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All Lives are Created Equal

December 21, 2012

The biggest philosophical disconnect between libertarians and non-libertarians is the belief that all people are equal in the eyes of God. Lew Rockwell points out that most people cheered when 26 innocent children were burned alive at Waco. People either cheer or don’t care when innocent Iraqi, Yemeni, and Pakistani children are killed by the U.S. military, which happens every single day. People don’t particularly care when millions of children in poor countries die of malaria and diarrhea. When 20 white middle-class children from Connecticut get shot, holy mother of mercy everyone flips out. Universalist morals are really rare, I’ve come to realize. The idea that killing of any innocent child is wrong just isn’t a common belief. That innocent child must be a member of “our” in-group in order to matter. The idea that each loss of innocent life deserves equal priority just draws blank stares from most people. On one hand, this is just a “I’m holier than thou” post, which is really BS. Self righteousness is not the point of social science. Improving society is. Giving people a chance to live life according to their own dreams is. Saving lives is.

Salience bias is hard to argue against. It is terrible to see children cut down so young, with so much ahead of them, in such a brutal way. The common reaction is how do “we” stop this event from happening again. More gun control, more secure schools, more mental illness screening, are all offered as options. But it’s hard to see if any of those would have helped. Adam Lanza stole the gun he used. You don’t need an assault rifle to kill children – any gun will do. He already had a personal psychologist. Furthermore, blaming autism isn’t helpful because there is no correlation between autism and planned violence. Demonizing children with mental illnesses more likely to alienate them further. On the other hand, if your goal is to save any 20 children from death, the task is much, much easier. Wire some money to a struggling mother in the 3rd world. Donate some money to cure malaria. Buy a car with a better safety features. When confronted with tragedy, the first reaction is to figure out how to fix that tragedy. Unfortunately, that is a difficult task in some situations. There’s a lot of tragedy in the world, and you can help fix some of it.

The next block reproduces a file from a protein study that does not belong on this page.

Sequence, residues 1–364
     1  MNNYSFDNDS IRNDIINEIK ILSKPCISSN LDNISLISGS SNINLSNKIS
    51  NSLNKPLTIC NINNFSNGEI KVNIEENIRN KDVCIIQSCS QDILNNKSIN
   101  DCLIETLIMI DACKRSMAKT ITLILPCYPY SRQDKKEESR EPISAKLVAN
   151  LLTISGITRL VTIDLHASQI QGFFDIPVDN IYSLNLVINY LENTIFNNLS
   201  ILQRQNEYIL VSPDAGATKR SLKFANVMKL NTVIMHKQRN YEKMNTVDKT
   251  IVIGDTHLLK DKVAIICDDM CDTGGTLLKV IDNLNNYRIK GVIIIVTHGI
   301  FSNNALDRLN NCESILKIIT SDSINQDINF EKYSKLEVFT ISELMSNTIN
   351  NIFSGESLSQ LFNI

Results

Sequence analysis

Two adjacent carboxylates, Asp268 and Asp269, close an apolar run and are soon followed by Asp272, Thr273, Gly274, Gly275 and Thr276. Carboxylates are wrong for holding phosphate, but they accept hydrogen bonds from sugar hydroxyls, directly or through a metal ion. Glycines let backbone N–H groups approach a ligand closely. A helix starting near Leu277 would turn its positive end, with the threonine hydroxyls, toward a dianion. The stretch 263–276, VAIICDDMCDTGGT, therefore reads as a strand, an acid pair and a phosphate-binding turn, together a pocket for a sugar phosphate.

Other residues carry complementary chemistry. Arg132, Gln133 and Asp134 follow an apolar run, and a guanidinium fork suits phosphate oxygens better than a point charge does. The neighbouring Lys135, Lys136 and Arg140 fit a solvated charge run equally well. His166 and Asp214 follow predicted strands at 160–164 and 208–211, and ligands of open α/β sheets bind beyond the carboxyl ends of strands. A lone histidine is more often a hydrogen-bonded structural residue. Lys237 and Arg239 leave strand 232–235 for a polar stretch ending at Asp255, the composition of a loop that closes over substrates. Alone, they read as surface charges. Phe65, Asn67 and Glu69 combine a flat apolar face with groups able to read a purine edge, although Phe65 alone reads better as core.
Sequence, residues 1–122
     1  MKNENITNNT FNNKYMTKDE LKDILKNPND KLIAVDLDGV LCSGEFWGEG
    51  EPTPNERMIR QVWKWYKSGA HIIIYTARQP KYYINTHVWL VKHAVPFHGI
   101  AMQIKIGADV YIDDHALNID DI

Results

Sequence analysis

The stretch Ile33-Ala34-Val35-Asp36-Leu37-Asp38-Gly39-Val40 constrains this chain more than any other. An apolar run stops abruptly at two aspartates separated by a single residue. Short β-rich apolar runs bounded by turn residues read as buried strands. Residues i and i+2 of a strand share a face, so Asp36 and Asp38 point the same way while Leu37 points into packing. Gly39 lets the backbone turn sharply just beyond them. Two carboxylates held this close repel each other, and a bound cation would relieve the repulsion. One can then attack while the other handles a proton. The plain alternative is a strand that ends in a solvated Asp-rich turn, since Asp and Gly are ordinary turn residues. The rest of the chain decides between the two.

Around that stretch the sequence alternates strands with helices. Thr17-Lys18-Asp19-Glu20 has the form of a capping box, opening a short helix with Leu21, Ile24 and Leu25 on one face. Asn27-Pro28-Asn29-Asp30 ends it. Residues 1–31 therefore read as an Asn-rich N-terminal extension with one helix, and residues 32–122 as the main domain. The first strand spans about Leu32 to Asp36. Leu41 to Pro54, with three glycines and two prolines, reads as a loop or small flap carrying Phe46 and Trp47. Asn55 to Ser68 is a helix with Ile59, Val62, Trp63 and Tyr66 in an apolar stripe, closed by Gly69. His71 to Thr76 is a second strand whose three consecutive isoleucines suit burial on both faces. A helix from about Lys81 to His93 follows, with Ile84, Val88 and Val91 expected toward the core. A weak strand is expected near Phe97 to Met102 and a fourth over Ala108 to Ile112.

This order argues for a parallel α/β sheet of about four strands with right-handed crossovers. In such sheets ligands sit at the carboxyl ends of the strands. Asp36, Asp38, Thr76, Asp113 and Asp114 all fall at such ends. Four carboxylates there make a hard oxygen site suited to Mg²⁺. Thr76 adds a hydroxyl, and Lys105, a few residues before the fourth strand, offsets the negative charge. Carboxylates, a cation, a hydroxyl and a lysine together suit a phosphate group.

Update: A loyal reader points out that one reason people care more about shootings than malaria is that it could happen to them. It’s entirely rational to care more about risks that affect you than risks that affect others.

Further reading:
More on availability bias.

2 Comments leave one →
  1. December 21, 2012 1:05 pm

    Obviously, in group/out group contributes to the reaction.

    However, I think that part of the reaction, at least for me, comes from the senselessness of the act. While I may not agree with the process behind the deaths of children at Waco or in the Middle East, I can at least recognize the thought processes that eventually led to them. However, though I could probably have had a conversation with the shooter (i.e., he could have passed the Turing test), I cannot fathom how he came to act the way he did. That bothers me tremendously.

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